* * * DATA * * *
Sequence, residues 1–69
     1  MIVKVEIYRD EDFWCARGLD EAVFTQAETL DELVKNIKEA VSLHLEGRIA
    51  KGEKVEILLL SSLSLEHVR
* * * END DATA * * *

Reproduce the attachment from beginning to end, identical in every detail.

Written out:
Sequence, residues 1–69
     1  MIVKVEIYRD EDFWCARGLD EAVFTQAETL DELVKNIKEA VSLHLEGRIA
    51  KGEKVEILLL SSLSLEHVR